This weekend, we published a preliminary petition declaring the support of Columbia and Barnard faculty for the Occupy Wall Street movement. The petition has been officially released today on behalf of the Faculty Action Committee with 328 over 350 signatures (and no repetitions this time), by Professor Paige West. You can read the full press release that accompanies the petition, which includes a statement from former Provost Johnathon Cole, by following the link at the bottom of the post.

Many observers have expressed a desire to understand who these protesters are, rather than simply sympathizing with their frustration. Two recent Columbia grads, Victor Suarez, CC’11 and Laura LaPerche, CC’10 made a short documentary, ‘More Than One Demand’ to tackle just that question. It examines the multifaceted messages of the protesters, by asking individuals to explain the meaning of their signs. The doc even includes one of our own! From 2:06-2:41 Columbia Philosophy Professor John Collins describes the inclusiveness of the protests as “a stroke of genius.” The New Yorker recently published a list of some of the signs held up at a recent march, which simply presents the spectrum of opinion.

NY, October 10, 2011. – Today faculty from Columbia University released a petition signed by over 300 professors expressing their support for the Occupy Wall Street movement. Signatories to the petition come from across the faculty of Columbia University and Barnard College. In their petition, the professors join the Occupy Wall Street movement in condemning the growth of economic, social, and political inequalities. According to the petition, claims that the movement lacks focus are inaccurate and ignore the many important issues that the Occupy Wall Street movement has raised.

“I understand the message of the Occupy Wall Street movement clearly,” said Columbia professor and former University provost, Jonathan R. Cole. “The movement speaks to the growing economic inequalities in our society: 1 percent of the population holds almost 40 percent of the nation’s wealth; as inequality has increased taxes on the wealthy have plunged; often wealth rather than merit determines who receives educational opportunities; and millions of citizens have lost their homes while those on Wall Street, who are responsible for much of the economic crisis, are rewarded rather than punished.”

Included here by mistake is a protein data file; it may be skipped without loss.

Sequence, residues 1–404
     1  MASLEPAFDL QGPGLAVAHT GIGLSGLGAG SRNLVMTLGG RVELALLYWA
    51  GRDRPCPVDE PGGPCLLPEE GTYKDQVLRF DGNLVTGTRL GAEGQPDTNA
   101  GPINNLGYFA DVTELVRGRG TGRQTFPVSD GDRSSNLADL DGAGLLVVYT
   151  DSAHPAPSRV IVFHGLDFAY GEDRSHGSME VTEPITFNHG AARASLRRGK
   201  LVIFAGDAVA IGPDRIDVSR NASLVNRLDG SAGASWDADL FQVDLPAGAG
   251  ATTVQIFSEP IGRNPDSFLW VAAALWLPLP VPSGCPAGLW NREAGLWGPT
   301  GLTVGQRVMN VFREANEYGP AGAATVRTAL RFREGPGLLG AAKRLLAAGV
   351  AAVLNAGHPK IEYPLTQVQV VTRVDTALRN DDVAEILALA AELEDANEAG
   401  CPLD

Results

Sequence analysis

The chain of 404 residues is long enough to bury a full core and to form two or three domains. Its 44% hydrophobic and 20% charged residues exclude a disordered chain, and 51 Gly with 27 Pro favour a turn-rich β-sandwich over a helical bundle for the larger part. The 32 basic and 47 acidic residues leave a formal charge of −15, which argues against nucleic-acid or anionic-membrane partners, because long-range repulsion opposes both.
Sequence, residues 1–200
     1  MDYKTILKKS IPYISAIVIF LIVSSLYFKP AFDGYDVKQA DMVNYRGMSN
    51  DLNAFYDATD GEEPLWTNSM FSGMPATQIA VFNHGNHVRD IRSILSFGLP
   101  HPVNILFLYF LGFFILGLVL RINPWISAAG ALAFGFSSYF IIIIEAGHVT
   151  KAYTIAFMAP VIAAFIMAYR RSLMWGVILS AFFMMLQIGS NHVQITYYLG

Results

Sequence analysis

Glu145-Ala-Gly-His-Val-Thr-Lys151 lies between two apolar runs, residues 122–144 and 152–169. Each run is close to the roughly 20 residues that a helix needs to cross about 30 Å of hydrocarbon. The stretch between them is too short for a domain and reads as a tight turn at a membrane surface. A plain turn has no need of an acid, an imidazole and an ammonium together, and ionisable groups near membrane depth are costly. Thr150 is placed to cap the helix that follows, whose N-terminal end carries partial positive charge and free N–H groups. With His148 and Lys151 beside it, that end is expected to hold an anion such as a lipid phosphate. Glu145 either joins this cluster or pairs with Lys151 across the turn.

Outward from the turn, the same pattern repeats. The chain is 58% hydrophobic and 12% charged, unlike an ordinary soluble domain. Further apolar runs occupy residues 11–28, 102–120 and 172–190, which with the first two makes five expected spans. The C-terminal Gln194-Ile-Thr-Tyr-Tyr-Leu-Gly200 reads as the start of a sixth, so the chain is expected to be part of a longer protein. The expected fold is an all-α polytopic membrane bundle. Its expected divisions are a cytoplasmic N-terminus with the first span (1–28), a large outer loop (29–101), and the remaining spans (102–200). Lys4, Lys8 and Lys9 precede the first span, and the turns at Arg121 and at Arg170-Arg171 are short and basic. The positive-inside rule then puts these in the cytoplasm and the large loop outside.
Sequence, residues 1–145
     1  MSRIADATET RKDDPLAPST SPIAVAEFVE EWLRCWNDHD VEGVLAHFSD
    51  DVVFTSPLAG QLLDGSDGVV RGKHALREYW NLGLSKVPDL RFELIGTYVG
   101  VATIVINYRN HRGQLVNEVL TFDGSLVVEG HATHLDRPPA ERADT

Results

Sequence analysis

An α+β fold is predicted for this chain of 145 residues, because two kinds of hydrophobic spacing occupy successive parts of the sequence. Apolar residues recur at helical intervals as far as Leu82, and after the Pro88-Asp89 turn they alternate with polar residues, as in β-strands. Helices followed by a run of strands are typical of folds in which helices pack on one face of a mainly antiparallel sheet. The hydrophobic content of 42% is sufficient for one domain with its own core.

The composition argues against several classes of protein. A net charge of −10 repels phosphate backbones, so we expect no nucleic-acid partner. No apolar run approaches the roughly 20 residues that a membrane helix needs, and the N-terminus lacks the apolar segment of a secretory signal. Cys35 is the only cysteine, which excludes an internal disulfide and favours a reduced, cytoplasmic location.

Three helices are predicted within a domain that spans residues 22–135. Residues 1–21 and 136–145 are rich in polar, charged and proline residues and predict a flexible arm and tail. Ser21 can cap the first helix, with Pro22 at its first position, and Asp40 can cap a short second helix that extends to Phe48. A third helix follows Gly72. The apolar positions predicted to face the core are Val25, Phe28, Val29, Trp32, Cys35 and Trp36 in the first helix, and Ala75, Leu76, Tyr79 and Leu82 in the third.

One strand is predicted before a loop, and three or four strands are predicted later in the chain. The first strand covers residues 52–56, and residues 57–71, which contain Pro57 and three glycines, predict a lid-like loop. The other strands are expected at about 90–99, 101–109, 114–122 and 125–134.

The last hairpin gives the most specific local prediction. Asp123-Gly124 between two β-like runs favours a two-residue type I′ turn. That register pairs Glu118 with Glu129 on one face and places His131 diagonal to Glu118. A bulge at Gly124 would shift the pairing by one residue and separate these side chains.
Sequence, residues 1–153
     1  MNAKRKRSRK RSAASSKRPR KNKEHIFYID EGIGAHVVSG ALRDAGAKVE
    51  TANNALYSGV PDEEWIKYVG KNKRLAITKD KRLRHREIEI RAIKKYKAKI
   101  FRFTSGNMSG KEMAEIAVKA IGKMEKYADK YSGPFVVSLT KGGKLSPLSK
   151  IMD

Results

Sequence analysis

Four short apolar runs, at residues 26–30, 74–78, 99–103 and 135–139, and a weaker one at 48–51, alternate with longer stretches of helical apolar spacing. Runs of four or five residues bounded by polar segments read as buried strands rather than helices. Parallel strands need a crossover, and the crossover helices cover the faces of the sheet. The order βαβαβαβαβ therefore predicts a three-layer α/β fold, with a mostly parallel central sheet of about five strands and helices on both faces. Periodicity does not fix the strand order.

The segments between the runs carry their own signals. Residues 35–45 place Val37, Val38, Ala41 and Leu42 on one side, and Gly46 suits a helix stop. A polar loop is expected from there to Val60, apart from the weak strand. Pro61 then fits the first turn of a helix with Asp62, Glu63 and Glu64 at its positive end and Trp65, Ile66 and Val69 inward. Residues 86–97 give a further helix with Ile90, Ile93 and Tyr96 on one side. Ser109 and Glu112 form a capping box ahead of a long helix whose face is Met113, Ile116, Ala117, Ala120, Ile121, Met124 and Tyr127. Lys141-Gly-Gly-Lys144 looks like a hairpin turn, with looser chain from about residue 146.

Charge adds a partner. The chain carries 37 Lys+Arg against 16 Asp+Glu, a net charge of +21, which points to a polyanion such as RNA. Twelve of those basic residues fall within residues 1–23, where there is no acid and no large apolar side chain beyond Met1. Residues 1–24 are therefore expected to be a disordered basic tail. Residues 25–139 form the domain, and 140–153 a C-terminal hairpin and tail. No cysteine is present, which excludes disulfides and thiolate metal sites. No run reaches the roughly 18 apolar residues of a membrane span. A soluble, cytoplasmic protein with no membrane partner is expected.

Many professors expressed admiration for the movement’s ability to refocus public debate to include discussion of equality and economic justice. “While my generation of scholars focused on the important issues of civil rights and women’s rights, it has been said we did not do enough to draw attention to the growth in economic inequality. There’s just enough truth in this for me to be very moved in a personal way that so many people from all walks of life, old and young, are uniting now around a platform of basic economic fairness,” said Bruce Robbins, the Old Dominion Foundation Professor in the Humanities. Professor Hamid Dabashi said, “We owe it to the generations of students we have taught to oppose the systematic erosion of the common good, of the inalienable rights to a decent healthcare, to public education, and to a dignified life.”

The professors also believe that the movement provides an opportunity to address these issues with students. “As a law professor, I feel a particular responsibility in speaking out in support of the Occupy Wall Street protests,” said Katherine Franke, the Isidor and Seville Sulzbacher Professor of Law at Columbia Law School. “Lawyers have played no small role in providing legal cover for the overreaching and irresponsibility undertaken on Wall Street. My hope is that Columbia Law School will see these protests as an opportunity to remind our students that legal ethics require that lawyers be bound to represent not only private, but also larger societal, interests.”

The full petition can be seen at